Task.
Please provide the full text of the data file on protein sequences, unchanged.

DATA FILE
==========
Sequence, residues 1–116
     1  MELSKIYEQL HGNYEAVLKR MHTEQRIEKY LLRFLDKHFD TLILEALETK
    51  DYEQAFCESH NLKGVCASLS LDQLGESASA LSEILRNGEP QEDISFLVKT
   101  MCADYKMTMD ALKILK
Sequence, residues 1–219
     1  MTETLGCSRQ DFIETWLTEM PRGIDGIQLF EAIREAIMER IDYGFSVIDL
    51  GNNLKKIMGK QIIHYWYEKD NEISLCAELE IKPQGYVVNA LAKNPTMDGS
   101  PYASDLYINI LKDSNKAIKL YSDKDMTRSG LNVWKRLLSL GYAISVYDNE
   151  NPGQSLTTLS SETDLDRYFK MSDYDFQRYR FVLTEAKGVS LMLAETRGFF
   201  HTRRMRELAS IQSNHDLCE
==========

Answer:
Sequence, residues 1–116
     1  MELSKIYEQL HGNYEAVLKR MHTEQRIEKY LLRFLDKHFD TLILEALETK
    51  DYEQAFCESH NLKGVCASLS LDQLGESASA LSEILRNGEP QEDISFLVKT
   101  MCADYKMTMD ALKILK
Sequence, residues 1–219
     1  MTETLGCSRQ DFIETWLTEM PRGIDGIQLF EAIREAIMER IDYGFSVIDL
    51  GNNLKKIMGK QIIHYWYEKD NEISLCAELE IKPQGYVVNA LAKNPTMDGS
   101  PYASDLYINI LKDSNKAIKL YSDKDMTRSG LNVWKRLLSL GYAISVYDNE
   151  NPGQSLTTLS SETDLDRYFK MSDYDFQRYR FVLTEAKGVS LMLAETRGFF
   201  HTRRMRELAS IQSNHDLCE